Ornamental Separator

A Well-traveled Teapot Returns to Williamsburg

The Art Museums of Colonial Williamsburg are home to a breathtaking range of folk and decorative art. Uncover the history behind beautiful objects in masterfully curated exhibitions in our series “Amazing Stories. Beautifully Told.”

Today we’re looking at a silver teapot featured in “‘Every Article Suitable for this Country’: Furnishing Early Williamsburg,” now on view in the June Stedman Hennage gallery at the DeWitt Wallace Decorative Arts Museum, home to remarkable objects that are useful as well as beautiful.

What is it?

Standing just four and one-half inches tall, this diminutive teapot was almost sent to auction by its previous owner because it was too small to be useful as it would serve only one or two people. Made in London in 1771-72 by the Swedish-born silversmith Andrew Fogelberg, the teapot is sterling silver with a fruitwood handle and knop.

English hallmarks struck on the base of the body confirm where, when, and by whom the teapot was made.

What’s the story?

What makes this teapot special is the little engraving on one side. It pictures a bearded man with raised arms beneath an earl’s cornet — the heraldic crest of the Murray family. Once the date, maker, and crest were identified, the history of the teapot became clear and it was donated to Colonial Williamsburg in 2018.

The heraldic crest of John Murray, fourth earl of Dunmore.

The teapot had been given to the donor by a family member, Lady Evelyn Murray Cobbold, daughter of the 7th earl of Dunmore, but it had originally belonged to John Murray (ca. 1730–1809), fourth earl of Dunmore, a Scottish peer and colonial governor in America and The Bahamas. Lord Dunmore probably acquired the teapot during the earliest years of his residency in the American colonies, where he served first as the royal governor of New York and then as royal governor of Virginia.

Lord Dunmore’s time in Williamsburg was not a happy period. In constant conflict with the colonists, he made the rash decision to seize the colony’s store of gunpowder in April 1775. By June, Lord Dunmore was in fear for his safety. Having already sent his wife and children back to the motherland, he fled to an English warship anchored in the Chesapeake Bay. As a small, yet valuable item, the Fogelberg teapot probably returned to Great Britain with Lord Dunmore’s family. It passed down among his descendants until its presentation to Colonial Williamsburg in 2018 by Angus Sladen of Hampshire, England, a descendent of the fourth earl of Dunmore.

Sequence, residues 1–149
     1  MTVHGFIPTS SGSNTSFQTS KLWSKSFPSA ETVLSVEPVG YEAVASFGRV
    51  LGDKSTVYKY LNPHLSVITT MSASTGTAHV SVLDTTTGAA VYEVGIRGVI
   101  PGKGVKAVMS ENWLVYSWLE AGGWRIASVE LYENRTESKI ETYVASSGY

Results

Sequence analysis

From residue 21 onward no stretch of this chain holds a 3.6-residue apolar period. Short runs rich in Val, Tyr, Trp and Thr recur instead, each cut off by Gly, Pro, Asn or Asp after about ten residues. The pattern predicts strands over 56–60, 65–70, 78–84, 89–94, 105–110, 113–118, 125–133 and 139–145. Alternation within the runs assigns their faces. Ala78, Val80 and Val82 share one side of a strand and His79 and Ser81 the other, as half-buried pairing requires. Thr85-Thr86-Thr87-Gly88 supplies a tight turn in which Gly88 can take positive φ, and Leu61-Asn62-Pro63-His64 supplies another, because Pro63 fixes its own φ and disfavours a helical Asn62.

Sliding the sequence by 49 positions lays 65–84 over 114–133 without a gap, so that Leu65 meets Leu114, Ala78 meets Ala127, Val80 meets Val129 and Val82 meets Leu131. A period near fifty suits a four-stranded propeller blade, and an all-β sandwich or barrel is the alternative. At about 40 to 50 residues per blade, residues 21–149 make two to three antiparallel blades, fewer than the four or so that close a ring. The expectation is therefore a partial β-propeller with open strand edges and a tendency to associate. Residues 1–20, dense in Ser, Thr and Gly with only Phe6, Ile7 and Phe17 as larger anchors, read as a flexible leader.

Why it matters:

Sometimes details really matter; without the Murray family crest this teapot’s well-traveled past would not be known. Made in England by a Swedish-born silversmith, it went to the New World as part of the personal possessions of an English aristocrat. When the American Revolution started, it returned to Great Britain and ended up hiding in plain sight. Once its history was revealed, a generous donor returned it to Williamsburg to help tell the story of a pivotal point in our nation’s history.

See for yourself:

You can find Lord Dunmore’s teapot here and tens of thousands of objects in online collection here. We also invite you to see this remarkable object in person at the Art Museums of Colonial Williamsburg and discover even more amazing stories, beautifully told.


Janine E. Skerry has worked at Colonial Williamsburg since 1993, initially serving as curator of ceramics and glass and since 2009 as senior curator of metals. She loves everything to do with setting a stylish table and has never been known to decline a cup of tea.

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